Henri van Breda must wait another day to hear if his police statement can be used in axe-murder trial

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At the trial-within-a-trial which began in the High Court in Cape Town on Friday‚ defence counsel Piet Botha has described Van Breda as a young man shivering in just underpants‚ deprived of sleep‚ hungry and traumatised at just having seen his parents and brother axed to death in the Stellenbosch family home.

He wants the statement Van Breda gave to police on January 27‚ 2015‚ to be disallowed as evidence in court.

The state says he was perfectly calm‚ was treated as a victim and not a suspect‚ and happily signed an electronic version of the statement.

Botha argued that Van Breda was pinned as a suspect right from the beginning but was then denied his rights to silence or legal representation.

But Susan Galloway‚ for the state‚ told Desai on Wednesday: “When he gave his statement‚ he was perceived as the only surviving member of the Van Breda family who was able to give an account of what happened.”

At that stage‚ “there was no incriminating evidence” and Van Breda was “calm and was able to give an account of what happened”.

He was “not a suspect” when he made the statement and was “read an electronic version of it and was satisfied”.

She said the testimony of Sergeant Clinton Malan‚ who took the statement‚ was corroborated by Dr Lizette Albertse who had examined him and recorded him as a “slagoffer” and not a suspect.

Galloway said despite grammatical errors raised in court by the defence‚ the “content remains undisputed” and it was “immaterial” if he had a T-shirt on or not when he gave the statement.

Only “arrested‚ detained or accused persons” were made aware of the constitutional rights to which Botha referred.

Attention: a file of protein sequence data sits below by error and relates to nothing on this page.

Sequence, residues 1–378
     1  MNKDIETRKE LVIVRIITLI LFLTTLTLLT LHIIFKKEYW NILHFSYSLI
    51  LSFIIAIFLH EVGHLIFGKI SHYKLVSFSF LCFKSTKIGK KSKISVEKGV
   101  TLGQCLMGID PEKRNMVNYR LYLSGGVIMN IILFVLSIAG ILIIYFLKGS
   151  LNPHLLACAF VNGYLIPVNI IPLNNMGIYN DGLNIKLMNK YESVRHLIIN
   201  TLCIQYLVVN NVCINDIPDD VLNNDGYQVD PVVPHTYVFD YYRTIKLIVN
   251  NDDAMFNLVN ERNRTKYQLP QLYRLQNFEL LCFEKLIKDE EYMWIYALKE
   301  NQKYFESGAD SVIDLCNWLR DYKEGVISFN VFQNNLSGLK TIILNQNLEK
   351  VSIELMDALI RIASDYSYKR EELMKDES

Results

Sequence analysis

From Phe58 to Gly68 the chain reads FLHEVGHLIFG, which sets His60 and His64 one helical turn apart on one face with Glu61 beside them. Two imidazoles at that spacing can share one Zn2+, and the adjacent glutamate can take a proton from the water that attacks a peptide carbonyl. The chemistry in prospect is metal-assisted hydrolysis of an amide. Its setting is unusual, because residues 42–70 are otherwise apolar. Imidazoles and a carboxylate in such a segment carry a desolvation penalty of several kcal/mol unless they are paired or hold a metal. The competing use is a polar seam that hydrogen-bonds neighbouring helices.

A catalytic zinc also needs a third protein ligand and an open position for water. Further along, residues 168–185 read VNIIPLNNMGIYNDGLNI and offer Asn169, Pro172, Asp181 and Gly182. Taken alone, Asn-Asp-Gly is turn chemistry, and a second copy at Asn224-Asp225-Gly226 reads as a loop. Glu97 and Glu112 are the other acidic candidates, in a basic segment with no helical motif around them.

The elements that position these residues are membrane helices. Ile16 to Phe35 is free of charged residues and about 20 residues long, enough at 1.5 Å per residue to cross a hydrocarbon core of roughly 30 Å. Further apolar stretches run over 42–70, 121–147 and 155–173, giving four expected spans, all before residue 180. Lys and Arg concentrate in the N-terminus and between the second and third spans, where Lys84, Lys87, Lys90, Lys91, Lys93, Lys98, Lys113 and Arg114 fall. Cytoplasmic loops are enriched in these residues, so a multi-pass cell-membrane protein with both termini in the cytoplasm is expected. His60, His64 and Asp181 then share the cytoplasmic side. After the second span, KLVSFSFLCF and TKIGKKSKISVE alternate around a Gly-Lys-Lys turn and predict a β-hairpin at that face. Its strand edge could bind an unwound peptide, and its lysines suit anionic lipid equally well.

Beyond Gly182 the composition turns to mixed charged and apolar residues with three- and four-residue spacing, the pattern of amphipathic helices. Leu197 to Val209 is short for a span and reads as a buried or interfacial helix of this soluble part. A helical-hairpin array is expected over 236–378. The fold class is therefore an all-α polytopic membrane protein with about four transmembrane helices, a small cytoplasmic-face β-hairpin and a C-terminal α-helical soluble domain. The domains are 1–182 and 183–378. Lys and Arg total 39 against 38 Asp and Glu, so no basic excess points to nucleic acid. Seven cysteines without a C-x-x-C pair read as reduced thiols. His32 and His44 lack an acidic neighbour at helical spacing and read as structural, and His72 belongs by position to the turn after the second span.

The police had acted within the law‚ said Galloway‚ and nothing about the giving or taking of the statement was “detrimental to the administration of justice”.

According to Botha‚ Van Breda was treated in a way that made it clear he was a suspect‚ and that he was therefore entitled to those rights.

“He should have been informed he had rights. There is no onus on the accused to prove that his rights have been contravened. The onus is on the state to prove that they weren’t‚” he said.

The court has worked through a litany of evidence on slipslops‚ board shorts‚ bare chests‚ sleepwear‚ and various other contradictory imagery of Van Breda on that morning.

Galloway says it is irrelevant‚ Botha says his outfit shows he was treated without sympathy‚ and Desai says there was no evidence of police brutality or torture.

The judge added: “He was neither detained‚ arrested nor accused‚ and therefore why is there reason to make him aware of his constitutional rights?”

Botha clarified: “I am not suggesting even remotely that he was tortured or deprived of sleep and food. But there is a difference between taking a person in pants and a shirt to a doctor and a police station‚ and taking them in pants only.

“The way in which they treated him shows they saw him as a suspect rather than a victim. Under the horrible circumstances of the crime‚ if somebody would have had sympathy and seen him as a victim‚ it should have been the police. He was bloodied‚ injured‚ and dressed only in his underpants.”

Desai will deliver his ruling on Thursday.

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